People, at time say that they are experiencing odd or unusual smell in nose. A feeling of metallic smell in nose is one of the most common symptoms of underlying health problems in the respiratory, neural and circulatory systems. Sometimes however, this smell may also arise out of non threatening causes and so should not be a source of worry, especially if it only occurs once in many years and lasts for a few seconds or minutes.
What causes metallic smell in nose?
Starting with the basics, the environment around you may actually contain metallic smelling substances. You can confirm this by moving away from the place or asking the people around you if they smell the same. If not, then the problem may be within you.
People with migraines for instance tend to complain about strange smells in their noses. Apart from metallic tang, the odor may shift to that of rotten eggs or burning flesh. This usually goes away on its own until the next migraine aura.
Tonsils and gum disease may also cause this condition. A combination of certain bacteria in the mouth can produce a range of volatile components, some of which the brain may interpret as metal smell.
Neurological problems such as Alzheimer’s and Parkinson’s disease may also bear these symptoms, especially at their onset.
There are other instances where a person may get injuries in their olfactory nerves or in the part of brain that interprets smell, leading to a condition, Parosmia. The former usually occurs as a result of smelling corrosive chemicals, while head damage may arise from many factors including accidents and fights.
In addition to these, certain medications and treatment may also lead to this feeling. The most common is chemotherapy.
As you can see, there are many circumstances that may make one to feel this way. Some patients will only be affected by one condition while others will have a combination of these. The diagnosis usually starts with the doctor looking at the most obvious causes and proceeding to the more rare ones, if no connection is found in previous tests.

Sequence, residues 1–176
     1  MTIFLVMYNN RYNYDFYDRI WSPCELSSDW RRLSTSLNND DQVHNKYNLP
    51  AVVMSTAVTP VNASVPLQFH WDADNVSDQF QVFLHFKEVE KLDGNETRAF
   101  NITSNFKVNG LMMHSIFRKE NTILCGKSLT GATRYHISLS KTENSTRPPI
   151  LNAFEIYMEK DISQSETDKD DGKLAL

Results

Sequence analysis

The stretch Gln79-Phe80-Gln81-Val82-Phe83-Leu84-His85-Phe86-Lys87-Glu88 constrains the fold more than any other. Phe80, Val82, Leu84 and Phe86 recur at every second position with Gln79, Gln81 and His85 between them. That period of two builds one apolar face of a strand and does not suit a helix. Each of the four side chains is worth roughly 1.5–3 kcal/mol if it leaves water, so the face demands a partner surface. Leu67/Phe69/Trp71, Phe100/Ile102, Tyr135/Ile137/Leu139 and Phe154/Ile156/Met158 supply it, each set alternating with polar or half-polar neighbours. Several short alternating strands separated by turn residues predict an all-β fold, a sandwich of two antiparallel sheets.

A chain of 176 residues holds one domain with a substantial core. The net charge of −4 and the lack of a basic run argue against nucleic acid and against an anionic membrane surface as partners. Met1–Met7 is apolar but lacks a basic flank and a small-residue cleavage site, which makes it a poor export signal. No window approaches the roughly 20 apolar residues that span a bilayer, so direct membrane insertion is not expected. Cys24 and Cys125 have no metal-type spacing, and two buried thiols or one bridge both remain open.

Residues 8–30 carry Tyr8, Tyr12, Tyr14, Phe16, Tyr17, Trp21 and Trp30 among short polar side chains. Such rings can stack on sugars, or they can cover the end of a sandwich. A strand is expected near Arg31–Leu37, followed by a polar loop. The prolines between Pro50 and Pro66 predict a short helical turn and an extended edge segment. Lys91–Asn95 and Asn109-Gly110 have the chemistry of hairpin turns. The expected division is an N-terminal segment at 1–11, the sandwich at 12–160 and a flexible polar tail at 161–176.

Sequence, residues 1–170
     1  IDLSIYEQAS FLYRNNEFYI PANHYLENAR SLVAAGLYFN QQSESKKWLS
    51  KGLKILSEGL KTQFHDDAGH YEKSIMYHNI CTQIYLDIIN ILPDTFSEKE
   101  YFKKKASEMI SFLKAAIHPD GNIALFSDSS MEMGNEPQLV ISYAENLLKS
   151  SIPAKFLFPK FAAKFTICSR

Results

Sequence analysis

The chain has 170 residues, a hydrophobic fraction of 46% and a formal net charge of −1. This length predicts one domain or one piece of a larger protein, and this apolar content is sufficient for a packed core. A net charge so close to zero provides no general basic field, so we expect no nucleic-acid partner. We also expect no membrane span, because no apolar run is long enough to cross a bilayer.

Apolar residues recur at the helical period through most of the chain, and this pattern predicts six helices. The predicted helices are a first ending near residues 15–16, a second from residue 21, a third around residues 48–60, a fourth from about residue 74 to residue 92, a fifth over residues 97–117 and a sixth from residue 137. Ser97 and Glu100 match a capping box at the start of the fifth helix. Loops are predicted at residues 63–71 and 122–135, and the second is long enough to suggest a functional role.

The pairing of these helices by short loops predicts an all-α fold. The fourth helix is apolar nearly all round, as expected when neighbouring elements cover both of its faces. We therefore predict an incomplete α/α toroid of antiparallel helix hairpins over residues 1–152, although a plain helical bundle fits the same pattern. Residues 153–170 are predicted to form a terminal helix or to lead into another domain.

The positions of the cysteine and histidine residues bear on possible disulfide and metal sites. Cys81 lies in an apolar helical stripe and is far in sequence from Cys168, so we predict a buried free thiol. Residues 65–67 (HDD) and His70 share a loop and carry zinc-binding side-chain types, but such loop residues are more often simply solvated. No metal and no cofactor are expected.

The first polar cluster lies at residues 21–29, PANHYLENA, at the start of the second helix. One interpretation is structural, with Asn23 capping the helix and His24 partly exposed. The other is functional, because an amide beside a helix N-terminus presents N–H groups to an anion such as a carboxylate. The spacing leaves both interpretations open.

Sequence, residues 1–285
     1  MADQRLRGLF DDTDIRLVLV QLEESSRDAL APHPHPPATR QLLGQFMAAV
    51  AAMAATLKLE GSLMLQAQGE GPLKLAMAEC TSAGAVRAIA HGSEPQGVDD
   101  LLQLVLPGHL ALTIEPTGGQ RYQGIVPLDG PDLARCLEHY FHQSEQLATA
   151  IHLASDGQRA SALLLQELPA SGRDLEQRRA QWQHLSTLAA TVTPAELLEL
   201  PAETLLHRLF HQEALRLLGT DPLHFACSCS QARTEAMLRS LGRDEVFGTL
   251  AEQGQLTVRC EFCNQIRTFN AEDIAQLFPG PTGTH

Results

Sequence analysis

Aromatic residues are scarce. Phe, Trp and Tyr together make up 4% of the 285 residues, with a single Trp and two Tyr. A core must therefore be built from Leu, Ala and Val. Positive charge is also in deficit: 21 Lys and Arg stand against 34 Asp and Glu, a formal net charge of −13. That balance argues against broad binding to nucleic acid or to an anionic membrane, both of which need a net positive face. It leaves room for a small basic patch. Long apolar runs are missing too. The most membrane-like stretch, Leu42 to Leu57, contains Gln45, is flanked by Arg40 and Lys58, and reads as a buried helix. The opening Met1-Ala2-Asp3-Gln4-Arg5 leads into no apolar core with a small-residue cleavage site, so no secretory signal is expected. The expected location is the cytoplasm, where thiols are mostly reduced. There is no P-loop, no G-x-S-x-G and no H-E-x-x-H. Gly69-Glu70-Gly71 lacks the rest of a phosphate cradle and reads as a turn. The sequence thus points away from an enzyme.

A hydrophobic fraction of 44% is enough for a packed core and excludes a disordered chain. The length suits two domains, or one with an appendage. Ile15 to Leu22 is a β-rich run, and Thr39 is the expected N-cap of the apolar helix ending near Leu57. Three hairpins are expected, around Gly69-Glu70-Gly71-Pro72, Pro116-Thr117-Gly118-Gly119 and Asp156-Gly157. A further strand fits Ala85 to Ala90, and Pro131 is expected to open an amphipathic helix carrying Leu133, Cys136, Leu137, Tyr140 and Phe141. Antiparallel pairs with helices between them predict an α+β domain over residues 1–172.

Patients experiencing strange metallic smell in nose can be classified into two groups, according to the mechanism by which the smell or perceived smell is generated.
When the source of an odor actually exists, like in the case of gingivitis or tonsillitis, and it can be established that one or more of these conditions are actually causing the discomfort, the patient is said to be experiencing parosmia. Parosmia may also be confirmed by subjecting the patient to UPSIT diagnosis, where they are given different smelly substances and asked a set of structured questions.
On the other hand, if the “smell” is imaginative, in that there is no smell at all, the patient is categorized as phantosmic. Such patients are more likely to be suffering from migraines, Parkinson’s disease, epilepsy and mood disorders among other mental problems. The conditions in this second category are usually diagnosed when tests for parosmia fail.
Effects of metallic smell in nose
This feeling may cause discomfort and panic to the victim. Although no medication may be required for once in a while attacks that don’t last more than a few minutes, it is still advisable to go for check up, especially if you experience this more than twice in a year.
If there are infections in the upper respiratory tract or existence of problems in the mouth, the smell may continue to bother the victim until those issues are not addressed.
In the case of mental conditions like schizophrenia and Alzheimer’s, without treatment of this symptom, the patient might start experiencing more intense and annoying smells like that of feces or rotten eggs. For other factors like Parkinson’s disease, the overall sense of smell will grow weaker and completely vanish as the diseases progress.
Treatments for metallic smell in nose
The treatment method will depend on both the cause of the condition and its severity. Expectant mothers for instance may experience this feeling due to the nausea that accompanies pregnancy. In that case, simple anti- nausea prescriptions will solve the problem.
For mood disorders, one or more appropriate intervention may be pursued. This may involve administration of a drug such as venlafaxine , together with self hypnosis, counseling and even massage.
For gum disease, tonsils or digestive tract infections, the patient may opt to take smell suppressing prescriptions as they continue with treatment of the conditions. Cancer patients who have undergone chemotherapy may also ask their doctors for the possibility of taking smell suppressants.
Sometimes, patients, especially those who have acquired serious head or nasal injuries, may have to undergo brain operation to remove olfactory bulbs in order to eliminate future discomforts. This however is always taken as the last option.